President Obama has decided that CFTC chief Gary Gensler, unlike most of his first-term economic team, is worth keeping around. Gary Gensler agrees. Now if only they could figure out in what capacity. Read more »
Treasury Secretary Hank Paulson’s “blueprint” for revamping the financial regulatory system is already coming under fire from powerful agency heads. As early as Friday, even before the details of the plan were widely-known, the plan was lambasted by John Reich, the director of the Office of Thrift Supervision, which oversees the savings and loan industry. Immediately after Paulson’s speech this morning, Commodity Futures Trading Commission big shot Bart Chilton released a colorful and blisteringly critical statement describing the plan as “moving boxes around in Washington DC.”
Paulson’s plan would combine the Securities and Exchange Commission, which regulates equities and debt markets, with the Commodity Futures Trading Commission, which that regulates the exchanges trading commodities and financial futures. The two commissions have very different regulatory approaches, with the SEC favoring direct regulation and a rules-based approach and the CFTC favoring a principles based approach that relies heavily on self-regulation by commodities and futures exchanges. SEC head Chris Cox has been described as being disposed to supporting the plan.
After the jump, we delve into the dirty, metaphor-strewn past of the CFTC commissioner.
The President’s budget for Fiscal Year 2009 includes $130 million in funding for the Commodity Futures Trading Commission. What has the CFTC done to earn this dramatic growth in its funding? Has it proved especially effective at exercising oversight and ensuring integrity in the markets where it has jurisdiction?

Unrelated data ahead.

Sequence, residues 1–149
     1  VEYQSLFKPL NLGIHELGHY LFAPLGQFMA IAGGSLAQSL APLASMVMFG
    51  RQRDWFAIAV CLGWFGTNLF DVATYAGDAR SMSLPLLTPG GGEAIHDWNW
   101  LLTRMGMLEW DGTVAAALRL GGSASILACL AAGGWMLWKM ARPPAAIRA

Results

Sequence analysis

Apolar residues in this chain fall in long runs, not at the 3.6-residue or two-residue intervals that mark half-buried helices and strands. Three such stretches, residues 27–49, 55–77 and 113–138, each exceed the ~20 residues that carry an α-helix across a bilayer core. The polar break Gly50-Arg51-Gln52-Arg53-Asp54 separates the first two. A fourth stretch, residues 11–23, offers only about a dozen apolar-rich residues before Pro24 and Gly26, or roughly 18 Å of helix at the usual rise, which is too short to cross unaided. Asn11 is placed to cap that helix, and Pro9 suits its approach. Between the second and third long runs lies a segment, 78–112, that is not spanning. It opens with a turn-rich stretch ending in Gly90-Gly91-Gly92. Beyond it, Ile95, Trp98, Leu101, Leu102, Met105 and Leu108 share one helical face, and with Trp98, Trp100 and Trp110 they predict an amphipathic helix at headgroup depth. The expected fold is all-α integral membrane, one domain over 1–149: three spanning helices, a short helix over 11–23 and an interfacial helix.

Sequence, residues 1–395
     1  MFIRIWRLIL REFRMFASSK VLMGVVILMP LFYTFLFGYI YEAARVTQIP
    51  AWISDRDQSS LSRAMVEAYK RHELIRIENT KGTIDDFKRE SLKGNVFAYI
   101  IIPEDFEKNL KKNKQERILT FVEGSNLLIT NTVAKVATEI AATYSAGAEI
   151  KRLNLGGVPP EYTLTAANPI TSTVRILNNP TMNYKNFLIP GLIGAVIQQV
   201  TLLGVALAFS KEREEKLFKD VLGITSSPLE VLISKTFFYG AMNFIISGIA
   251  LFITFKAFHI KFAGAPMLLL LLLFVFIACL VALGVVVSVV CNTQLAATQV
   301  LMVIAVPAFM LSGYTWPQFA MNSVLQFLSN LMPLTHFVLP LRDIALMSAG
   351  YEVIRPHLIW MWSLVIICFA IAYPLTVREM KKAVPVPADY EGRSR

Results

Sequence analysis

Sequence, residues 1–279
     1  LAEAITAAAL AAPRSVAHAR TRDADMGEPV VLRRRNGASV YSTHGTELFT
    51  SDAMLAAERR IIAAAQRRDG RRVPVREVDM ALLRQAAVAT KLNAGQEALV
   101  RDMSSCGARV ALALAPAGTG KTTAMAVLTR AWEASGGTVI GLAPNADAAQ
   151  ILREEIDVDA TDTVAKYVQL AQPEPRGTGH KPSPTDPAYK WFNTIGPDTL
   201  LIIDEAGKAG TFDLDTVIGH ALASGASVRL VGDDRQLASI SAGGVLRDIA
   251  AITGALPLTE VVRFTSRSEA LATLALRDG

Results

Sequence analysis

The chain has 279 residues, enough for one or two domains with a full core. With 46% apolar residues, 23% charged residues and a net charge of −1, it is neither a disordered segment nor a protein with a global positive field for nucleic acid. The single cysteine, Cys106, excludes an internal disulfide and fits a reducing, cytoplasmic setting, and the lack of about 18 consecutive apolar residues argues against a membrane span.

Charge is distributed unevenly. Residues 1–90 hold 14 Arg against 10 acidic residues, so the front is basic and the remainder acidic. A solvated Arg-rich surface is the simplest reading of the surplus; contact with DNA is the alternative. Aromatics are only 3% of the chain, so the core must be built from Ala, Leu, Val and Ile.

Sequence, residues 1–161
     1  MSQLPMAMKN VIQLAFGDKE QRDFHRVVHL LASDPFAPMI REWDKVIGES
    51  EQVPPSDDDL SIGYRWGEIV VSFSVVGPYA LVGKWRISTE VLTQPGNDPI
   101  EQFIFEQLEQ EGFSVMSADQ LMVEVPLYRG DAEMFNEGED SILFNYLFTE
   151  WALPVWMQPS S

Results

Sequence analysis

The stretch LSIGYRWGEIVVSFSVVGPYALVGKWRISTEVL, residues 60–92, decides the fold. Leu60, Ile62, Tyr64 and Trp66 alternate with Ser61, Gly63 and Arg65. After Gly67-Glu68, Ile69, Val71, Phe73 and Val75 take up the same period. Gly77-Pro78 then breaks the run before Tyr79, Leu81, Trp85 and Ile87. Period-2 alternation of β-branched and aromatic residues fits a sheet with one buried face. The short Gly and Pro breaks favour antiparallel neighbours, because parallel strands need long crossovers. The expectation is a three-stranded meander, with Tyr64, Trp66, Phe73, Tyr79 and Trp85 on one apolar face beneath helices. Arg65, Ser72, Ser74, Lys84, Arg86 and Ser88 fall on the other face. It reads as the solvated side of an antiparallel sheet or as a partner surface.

Of course not. While the agency avoided embarrassments like the collapse of Amaranth last year, commodities futures markets are no cleaner or better run last year than the year before. But this presents no obstacle to additional funding. The private sector rewards success but in the government sector all too often failure is rewarded. According to government logic, failure indicates not a broken regulatory model but a “need” for additional resources. Thus this funding is intended to help the commission cope with the growth in futures markets, although the connection between market integrity and commission funding is assumed without evidence.
We gave up on this model with schooling. Failing public schools now risk losing funding, while improving schools can earn more funds. Yet somehow in market regulation, failure is still rewarded.
CFTC Applauds President’s Recommendation for Increased Agency Funding [CFTC Press Release]